Yet we think its FlavorFirst Quality Management Program and especially its new program, “The Great Taste Guarantee,” in which it promises to “buy back” from the consumer any piece of Ripe ‘N Ready fruit that isn’t “great tasting” also speaks to sustainability.
For at its heart, sustainability is supposed to ensure that an organization or an industry can sustain itself into the future
The Great Taste Guarantee is a way to say that FreshSense and its Ripe ‘N Ready brand can’t sustain itself if it disappoints the consumer. We would argue the same is true of the broader trade.
Lately we’ve been running a series of pieces focusing on issues of flavor. These pieces include:
Yet it would be a terrible mistake for the industry to look at issues such as flavor and think they are in some separate silo from sustainability. Just as food safety isn’t separate and producing enough to feed the world isn’t separate.
There are a lot of people who would like to push the industry into their own parochial definition of sustainability. We would argue for a more inclusive vision, one built on continuous improvement.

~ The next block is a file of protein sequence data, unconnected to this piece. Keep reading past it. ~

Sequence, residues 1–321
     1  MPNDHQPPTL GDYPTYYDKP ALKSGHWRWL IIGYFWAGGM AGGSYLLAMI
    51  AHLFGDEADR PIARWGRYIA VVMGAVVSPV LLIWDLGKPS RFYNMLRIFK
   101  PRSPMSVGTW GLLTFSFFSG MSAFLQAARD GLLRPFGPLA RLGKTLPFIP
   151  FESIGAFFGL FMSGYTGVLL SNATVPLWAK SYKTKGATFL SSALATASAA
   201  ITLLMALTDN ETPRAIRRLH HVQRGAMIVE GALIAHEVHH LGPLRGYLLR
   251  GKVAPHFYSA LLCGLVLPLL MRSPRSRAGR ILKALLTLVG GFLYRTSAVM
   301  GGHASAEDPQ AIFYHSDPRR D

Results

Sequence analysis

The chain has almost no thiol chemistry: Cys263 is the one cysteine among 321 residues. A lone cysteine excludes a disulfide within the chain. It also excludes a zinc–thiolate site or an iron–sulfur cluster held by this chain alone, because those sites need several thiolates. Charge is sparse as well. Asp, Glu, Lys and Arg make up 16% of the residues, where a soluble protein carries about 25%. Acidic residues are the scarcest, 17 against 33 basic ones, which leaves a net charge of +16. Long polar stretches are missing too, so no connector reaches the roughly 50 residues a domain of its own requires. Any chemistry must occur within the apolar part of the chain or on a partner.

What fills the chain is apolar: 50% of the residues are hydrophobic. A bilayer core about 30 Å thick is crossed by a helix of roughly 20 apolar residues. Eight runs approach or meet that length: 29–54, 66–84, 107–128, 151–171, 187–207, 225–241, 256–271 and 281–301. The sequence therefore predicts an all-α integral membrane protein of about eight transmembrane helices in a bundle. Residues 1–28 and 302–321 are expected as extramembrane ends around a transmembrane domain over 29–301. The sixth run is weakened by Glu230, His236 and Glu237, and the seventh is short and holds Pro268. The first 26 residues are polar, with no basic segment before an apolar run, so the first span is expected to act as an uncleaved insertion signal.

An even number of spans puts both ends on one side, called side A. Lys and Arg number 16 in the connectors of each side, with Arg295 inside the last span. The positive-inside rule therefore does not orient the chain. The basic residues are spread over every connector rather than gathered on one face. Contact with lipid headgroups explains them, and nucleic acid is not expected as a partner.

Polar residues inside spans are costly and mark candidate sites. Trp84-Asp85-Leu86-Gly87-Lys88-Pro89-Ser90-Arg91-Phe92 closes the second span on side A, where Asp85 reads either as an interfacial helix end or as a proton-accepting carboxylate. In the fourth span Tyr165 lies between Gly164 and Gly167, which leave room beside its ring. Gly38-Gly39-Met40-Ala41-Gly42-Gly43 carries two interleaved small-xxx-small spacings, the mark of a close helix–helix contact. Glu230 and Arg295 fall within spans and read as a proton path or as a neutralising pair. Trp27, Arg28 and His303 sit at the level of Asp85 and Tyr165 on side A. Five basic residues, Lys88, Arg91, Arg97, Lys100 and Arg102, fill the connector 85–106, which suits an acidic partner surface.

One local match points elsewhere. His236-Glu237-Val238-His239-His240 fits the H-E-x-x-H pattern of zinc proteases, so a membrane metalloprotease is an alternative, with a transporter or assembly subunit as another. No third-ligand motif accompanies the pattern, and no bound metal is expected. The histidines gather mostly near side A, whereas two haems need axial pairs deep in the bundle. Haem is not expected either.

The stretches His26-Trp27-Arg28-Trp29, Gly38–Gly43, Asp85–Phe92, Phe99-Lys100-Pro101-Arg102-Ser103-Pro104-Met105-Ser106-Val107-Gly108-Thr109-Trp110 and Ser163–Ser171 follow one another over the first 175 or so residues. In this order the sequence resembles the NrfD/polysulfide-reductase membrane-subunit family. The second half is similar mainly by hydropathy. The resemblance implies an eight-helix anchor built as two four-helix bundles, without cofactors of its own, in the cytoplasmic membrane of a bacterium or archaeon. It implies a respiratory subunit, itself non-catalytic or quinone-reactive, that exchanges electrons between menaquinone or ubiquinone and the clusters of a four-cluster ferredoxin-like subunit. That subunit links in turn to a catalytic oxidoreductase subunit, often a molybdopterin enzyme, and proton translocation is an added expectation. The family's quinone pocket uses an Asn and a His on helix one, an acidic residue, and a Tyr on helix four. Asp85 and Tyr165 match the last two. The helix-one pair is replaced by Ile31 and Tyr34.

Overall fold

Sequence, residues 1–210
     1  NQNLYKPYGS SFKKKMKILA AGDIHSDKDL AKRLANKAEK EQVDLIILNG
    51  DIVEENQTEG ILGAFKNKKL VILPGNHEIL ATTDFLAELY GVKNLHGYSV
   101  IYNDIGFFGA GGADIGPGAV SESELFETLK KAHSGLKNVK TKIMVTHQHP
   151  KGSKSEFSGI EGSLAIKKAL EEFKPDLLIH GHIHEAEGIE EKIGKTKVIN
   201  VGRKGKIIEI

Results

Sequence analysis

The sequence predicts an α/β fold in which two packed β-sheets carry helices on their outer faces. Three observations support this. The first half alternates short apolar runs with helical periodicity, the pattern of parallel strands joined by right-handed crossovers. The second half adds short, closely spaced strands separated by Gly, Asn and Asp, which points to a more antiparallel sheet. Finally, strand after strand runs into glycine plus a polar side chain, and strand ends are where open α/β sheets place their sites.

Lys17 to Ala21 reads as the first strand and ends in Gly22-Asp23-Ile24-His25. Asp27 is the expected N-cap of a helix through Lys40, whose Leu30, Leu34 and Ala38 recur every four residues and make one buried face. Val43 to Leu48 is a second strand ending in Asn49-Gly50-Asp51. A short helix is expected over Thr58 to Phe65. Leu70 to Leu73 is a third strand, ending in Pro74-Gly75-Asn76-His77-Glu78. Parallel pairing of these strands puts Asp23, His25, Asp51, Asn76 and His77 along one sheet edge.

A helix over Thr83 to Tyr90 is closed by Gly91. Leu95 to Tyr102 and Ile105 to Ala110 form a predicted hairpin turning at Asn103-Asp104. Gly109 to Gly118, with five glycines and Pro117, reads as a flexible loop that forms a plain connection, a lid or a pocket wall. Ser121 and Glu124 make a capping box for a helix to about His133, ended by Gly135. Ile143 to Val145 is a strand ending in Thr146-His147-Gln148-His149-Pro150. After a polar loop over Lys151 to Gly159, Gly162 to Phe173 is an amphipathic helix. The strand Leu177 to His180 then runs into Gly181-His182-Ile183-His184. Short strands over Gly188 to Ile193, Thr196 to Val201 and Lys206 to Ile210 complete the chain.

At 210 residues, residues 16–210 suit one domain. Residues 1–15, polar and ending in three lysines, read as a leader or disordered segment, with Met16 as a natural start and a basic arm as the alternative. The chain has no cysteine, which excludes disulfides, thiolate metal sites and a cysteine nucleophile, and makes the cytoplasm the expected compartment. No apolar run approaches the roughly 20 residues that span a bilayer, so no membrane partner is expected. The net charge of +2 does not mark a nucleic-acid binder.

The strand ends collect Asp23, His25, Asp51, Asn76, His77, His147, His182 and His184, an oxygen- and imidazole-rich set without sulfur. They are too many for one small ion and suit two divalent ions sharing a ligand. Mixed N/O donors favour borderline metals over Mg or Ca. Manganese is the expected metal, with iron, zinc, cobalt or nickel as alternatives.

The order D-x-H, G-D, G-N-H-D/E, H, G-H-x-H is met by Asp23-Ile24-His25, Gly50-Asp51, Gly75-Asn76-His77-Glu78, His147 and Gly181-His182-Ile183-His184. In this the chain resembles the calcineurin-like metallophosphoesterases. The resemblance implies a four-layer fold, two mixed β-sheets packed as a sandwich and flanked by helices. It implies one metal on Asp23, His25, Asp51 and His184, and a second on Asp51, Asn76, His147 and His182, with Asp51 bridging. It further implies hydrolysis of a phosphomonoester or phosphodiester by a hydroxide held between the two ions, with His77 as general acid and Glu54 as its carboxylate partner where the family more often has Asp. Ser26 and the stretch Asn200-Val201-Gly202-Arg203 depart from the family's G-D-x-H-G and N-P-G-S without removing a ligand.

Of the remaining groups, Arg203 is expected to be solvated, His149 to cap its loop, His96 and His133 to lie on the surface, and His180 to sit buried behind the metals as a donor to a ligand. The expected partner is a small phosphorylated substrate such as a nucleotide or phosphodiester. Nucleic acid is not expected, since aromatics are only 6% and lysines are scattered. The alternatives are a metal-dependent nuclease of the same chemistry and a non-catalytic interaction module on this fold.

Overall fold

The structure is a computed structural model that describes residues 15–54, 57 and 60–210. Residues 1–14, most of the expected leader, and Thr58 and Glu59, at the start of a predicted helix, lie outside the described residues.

Blair is, of course, correct to point to the consumer as our loadstar. And he is absolutely right when he points out consumers don’t walk through shopping aisles carrying their Webster’s to define all terms.
What will make consumers feel good about what they are buying varies, by consumer, by life phase, by economic cycle and much more. So sometimes it may be a brand with an overt appeal to environmentalism and sometimes it is a brand with a promise of taste and satisfaction. Both are ways of delighting consumers and both are aspects of sustainability.
Many thanks to Blair Richardson and FreshSense for helping us to think through such a complex issue.